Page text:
(NOTE: this post started out on Fukushima, then turned to tritium, then to radiological concerns at the WTC site after 9/11, then to using tritium for assassination, and finally how to survive tritium assassination yourself. It’s actually a pretty informative essay, and quite useful if you need an excuse to drink beer.)
Highly radioactive water seeping into the ocean…is creating an “emergency”…
This contaminated groundwater has breached an underground barrier, is rising toward the surface and is exceeding legal limits of radioactive discharge…
As always…ALWAYS!…they withhold the numbers that would allow us to evaluate their editorials. Obviously this is an “emergency” in an administrative and PR sense. But it is not an “OMG someone’s gonna die!” emergency.
Three isotopes are mentioned: tritium, strontium, and cesium. The highest estimate for total tritium released (so far) is 40 trillion becquerels, or Bqs. A Bq is one disintegration per second. Forty trillion of those sounds like a lot. Heck, it is a lot. And yet that amount still feels ridiculously low to me.
But then, I know about emergency exit signs.
You know those “EXIT” signs for emergency evacuation? Obviously they have to work 24/7, even with the power out. Thus they’re traditionally nuclear-powered, with tritium. How much tritium? Typical brand-new signs have up to 25 Curies of activity. A Curie is 3.7E10 disintegrations per second, or almost 40 billion Bqs. Multiply that by 25 and you get…one trillion becquerels. Per sign.
So take all of the Fukushima tritium released thus far*…and it’s less than what you find at a multiplex theater. The NRC estimates over two million signs in the United States. That’s about two thousand quadrillion Bqs, or 500,000 Fukushimas.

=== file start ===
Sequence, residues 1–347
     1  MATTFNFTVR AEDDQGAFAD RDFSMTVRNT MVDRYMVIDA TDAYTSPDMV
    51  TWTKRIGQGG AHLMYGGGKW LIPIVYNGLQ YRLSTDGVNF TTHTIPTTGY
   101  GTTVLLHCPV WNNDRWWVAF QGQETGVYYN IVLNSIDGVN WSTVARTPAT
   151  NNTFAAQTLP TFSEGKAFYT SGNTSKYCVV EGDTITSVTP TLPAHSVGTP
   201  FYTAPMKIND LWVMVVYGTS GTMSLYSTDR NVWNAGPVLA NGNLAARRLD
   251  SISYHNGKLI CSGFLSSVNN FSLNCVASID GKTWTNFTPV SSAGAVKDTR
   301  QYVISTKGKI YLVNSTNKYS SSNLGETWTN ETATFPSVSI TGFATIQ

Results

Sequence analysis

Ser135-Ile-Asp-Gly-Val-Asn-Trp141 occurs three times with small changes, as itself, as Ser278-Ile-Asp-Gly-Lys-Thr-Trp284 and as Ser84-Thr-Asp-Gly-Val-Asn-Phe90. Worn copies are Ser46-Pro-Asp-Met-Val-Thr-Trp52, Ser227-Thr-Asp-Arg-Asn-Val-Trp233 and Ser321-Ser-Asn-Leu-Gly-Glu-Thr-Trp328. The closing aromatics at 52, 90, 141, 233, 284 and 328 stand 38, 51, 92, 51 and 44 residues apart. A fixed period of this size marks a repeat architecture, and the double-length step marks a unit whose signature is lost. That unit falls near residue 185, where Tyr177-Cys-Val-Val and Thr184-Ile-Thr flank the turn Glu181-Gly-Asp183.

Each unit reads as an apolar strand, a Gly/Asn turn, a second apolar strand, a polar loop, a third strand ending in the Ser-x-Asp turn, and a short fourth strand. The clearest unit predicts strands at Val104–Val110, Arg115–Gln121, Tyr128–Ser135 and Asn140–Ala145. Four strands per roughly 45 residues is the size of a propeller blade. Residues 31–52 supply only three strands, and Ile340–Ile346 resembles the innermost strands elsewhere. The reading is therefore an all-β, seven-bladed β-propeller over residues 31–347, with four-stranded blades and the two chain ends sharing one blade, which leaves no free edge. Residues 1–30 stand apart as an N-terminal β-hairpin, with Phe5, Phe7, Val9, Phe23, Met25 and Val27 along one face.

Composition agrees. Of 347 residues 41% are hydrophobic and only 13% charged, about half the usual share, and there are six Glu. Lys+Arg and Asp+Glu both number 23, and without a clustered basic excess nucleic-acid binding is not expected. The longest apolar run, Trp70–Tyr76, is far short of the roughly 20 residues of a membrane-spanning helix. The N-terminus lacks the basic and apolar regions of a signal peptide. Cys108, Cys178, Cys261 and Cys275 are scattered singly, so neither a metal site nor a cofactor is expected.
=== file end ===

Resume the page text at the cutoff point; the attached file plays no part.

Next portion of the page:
In fact, right after 9/11 I brought up the tritium question. At the time I was a rad tech at Brookhaven National Lab and a member of our Radiological Assistance Program. We were quickly mobilized for a possible response, just like every other emergency team in America. Our members ended up spending hundreds of hours surveying rubble brought up from the WTC site during that terrible recovery.
Because of tritium? No. Oh, we probably did some tritium surveys, just to prove it wasn’t a problem. I can’t say because I never worked the site. I wanted to, of course, but had no Q Clearance. And since enough of our team already had that clearance, they did the work. It wasn’t that Q-level security was needed, but it was doable. And after 9/11, if something was doable then it was by-gosh done.
But why, you may wonder, did we survey the site in the first place? We were told that the concerns were, 1) possible depleted uranium from the planes, and, 2) possible radiography sources from the Towers.
That some planes carried uranium counterweights came as news to me, but there you have it. It still wasn’t a worry once we knew it would be U-238, depleted uranium. Not even two tons of it, which was theoretically possible. An equal amount of lead would be more worrisome, given its lower melting temperature. Why worry about radiation if heavy metal poisoning gets you first? But spread a few cubic feet of lead throughout the collapse of two 110-story buildings, and no emergency responders would ever be endangered by it.
Anyway, as it turned out, the 9/11 planes used wolfram, not uranium.